How did you prepare for this? I can imagine that it must have been very traumatic. How soon after her death were you approached about the film?

About three weeks passed and her sister said to me, “I’m going to London to pick up this award for Lyra with Mom. Do you want to come?’ And I said ‘yes’. And she’s like, ‘Well, why don’t you film it? Because maybe we could use it for our campaign.” So I filmed that. And then all these other TV stations and people from America started emailing. And at the time I didn’t know if I could do it well enough because I loved her and didn’t want to let her down. It was her sister and partner who said Lyra wouldn’t want anyone else to tell her story. So we all got involved together and that was when Channel 4 and [former C4 commissioner] Siobhan Sinnerton said, “Let’s start making this film.” Oddly enough, we started editing at one point [Lyra’s] voice and we found her voice, it was really comforting because we spent every day with Lyra. When we decided to use her voice to tell her own story and try to bring the audience closer as well, we really enjoyed it. go through the old [tape recorder] Tapes was hysterical because she hadn’t labeled them very well. Some of it was hilarious and some was marked with code numbers because they were obviously dangerous. [Editor Chloe Lambourne] and I went through the tapes and tried to figure out who they were, and then I went and got their permission and went and watched them. There was quite a bit of investigative work to be done with what she had left behind.

It must be difficult for you as a filmmaker because you are trying to convey a regional, local message with the film while at the same time keeping the story compelling and universal for an international audience. How did you find this balance?

I thought, well, there are so many universal themes in what Lyra wrote, like persecution and hate crimes against the LGBTQ community. We chose these stories so that we don’t just pin down the problems down here, but really open up a world where people say, ‘Yeah, yeah, we know what it’s like here.’ We also went into this thinking that outside of the north of Ireland not that many people know that much about it [the Troubles and post-conflict issues]. This sounds ridiculous because it’s really overwritten and over-documented in some ways, but in other ways, [it’s still obscure].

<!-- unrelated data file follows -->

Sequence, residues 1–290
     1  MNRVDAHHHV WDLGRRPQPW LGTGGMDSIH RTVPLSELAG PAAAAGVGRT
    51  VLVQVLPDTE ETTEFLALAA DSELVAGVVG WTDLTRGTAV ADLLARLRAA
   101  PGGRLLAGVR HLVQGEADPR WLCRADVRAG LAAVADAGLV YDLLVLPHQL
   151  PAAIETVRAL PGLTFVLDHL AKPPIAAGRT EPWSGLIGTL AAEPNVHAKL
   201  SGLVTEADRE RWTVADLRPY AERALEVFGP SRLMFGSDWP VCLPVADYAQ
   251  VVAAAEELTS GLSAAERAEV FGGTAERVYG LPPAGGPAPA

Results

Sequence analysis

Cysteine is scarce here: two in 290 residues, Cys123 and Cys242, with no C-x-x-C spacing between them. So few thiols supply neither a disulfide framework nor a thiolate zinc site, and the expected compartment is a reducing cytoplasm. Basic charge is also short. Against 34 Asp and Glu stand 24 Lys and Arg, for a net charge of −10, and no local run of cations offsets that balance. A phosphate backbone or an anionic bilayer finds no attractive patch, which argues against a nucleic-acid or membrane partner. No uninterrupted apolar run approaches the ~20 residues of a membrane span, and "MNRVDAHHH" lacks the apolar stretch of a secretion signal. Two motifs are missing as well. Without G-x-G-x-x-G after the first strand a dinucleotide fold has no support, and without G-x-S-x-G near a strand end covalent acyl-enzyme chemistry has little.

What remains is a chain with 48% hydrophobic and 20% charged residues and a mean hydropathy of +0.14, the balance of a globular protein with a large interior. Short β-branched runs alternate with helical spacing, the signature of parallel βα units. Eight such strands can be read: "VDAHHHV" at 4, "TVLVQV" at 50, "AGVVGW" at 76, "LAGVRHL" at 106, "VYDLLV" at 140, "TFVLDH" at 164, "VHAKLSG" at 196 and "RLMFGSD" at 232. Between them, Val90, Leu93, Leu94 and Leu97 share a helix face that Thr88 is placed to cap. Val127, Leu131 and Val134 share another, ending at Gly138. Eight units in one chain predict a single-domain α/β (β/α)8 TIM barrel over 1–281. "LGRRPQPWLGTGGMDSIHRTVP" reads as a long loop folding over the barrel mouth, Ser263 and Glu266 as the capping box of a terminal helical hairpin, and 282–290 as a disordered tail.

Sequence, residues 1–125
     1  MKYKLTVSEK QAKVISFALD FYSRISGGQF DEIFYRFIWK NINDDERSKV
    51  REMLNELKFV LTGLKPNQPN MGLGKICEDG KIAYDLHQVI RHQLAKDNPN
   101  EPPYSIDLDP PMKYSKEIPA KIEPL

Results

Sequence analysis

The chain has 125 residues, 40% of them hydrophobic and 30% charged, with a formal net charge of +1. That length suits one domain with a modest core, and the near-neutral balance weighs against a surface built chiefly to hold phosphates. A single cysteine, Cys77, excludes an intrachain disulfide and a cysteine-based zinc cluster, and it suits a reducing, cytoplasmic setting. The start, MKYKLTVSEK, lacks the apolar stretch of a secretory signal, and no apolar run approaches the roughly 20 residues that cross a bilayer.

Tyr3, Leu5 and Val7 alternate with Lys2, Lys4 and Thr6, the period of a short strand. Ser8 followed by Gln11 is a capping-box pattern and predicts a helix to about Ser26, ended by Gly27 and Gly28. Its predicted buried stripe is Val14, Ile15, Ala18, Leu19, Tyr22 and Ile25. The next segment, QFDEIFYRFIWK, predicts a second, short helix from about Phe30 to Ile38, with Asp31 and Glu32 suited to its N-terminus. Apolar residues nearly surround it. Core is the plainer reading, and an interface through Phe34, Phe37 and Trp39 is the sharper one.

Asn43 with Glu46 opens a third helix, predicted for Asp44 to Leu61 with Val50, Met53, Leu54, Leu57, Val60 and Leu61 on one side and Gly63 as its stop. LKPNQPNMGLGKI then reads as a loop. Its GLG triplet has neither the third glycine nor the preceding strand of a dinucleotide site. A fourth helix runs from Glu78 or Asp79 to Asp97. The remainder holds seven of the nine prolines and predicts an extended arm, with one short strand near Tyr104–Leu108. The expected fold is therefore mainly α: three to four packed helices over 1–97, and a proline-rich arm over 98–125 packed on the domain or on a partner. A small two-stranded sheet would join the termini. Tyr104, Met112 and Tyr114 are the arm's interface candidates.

What would Lyra think of the Clintons co-producing the documentary?

I think with anyone who came on board she would have been blown away. She is such a humble, beautiful person. She would say, ‘You wouldn’t believe that! Oh so Bono helped you, that’s amazing!’ But it was easy for me because Siobhan, my commissioner at Channel 4, left to join HiddenLight and she was my advocate and would go ahead with this film. She is a girl from Belfast. She moved there and showed it to Hillary and Chelsea and Bill.

How did you manage to put the archive together? Because journalists are rarely in front of the camera, and having Lyra commentate on the film feels really unique.

That was really hard work. But when we discovered that she could tell her story, it was a great moment for all of us. Because we started it and we were like, ‘Oh my God, can we go on like this?’ Actually we were so lucky to find more [of Lyra’s tape recorders]. And then a guy who had done a podcast with her contacted us and said, “Hey, is that any use to you?” So we were fed up with her talking about her childhood and everything that was her. [Editor Chloe Lambourne] had done ‘For Sama’ and was already on a trip with [that film’s protagonist and narrator] Waad Al-Kateab. She had really been working on that first-person narrative, so when we started Lyra, Chloe had a great experience editing and working that way. I will always be grateful to her for the patience and artistry she put into it.

There is one scene that is particularly striking, at Lyra’s funeral, when politicians awkwardly stand up and clap after the priest calls attention to their presence despite the dissolution of Parliament. Troubles remain in Northern Ireland as it awaits the new year’s general election to flesh out elements of the Brexit deal that prompted the Democratic Union Party’s boycott of Stormont (Northern Ireland’s parliament).

I think that’s the thing. We’re in a political vacuum over here again. Where are they? Someone said to me, ‘How do you feel when you look at the funeral photographs?’ and I think I’m angry – angry that they came and clapped and stood there awkwardly and they’re still not together. What lessons were learned from that one death? There are so many deaths in this country, but the fact is that one of the deaths was a young woman who still had her life ahead of her, so why don’t they get back to work? They’re still fighting, they’re still not in there. It’s incredibly frustrating for so many people who just want a better life. Lyra McKee’s documentary highlights young talent lost to terrorism

Charles Jones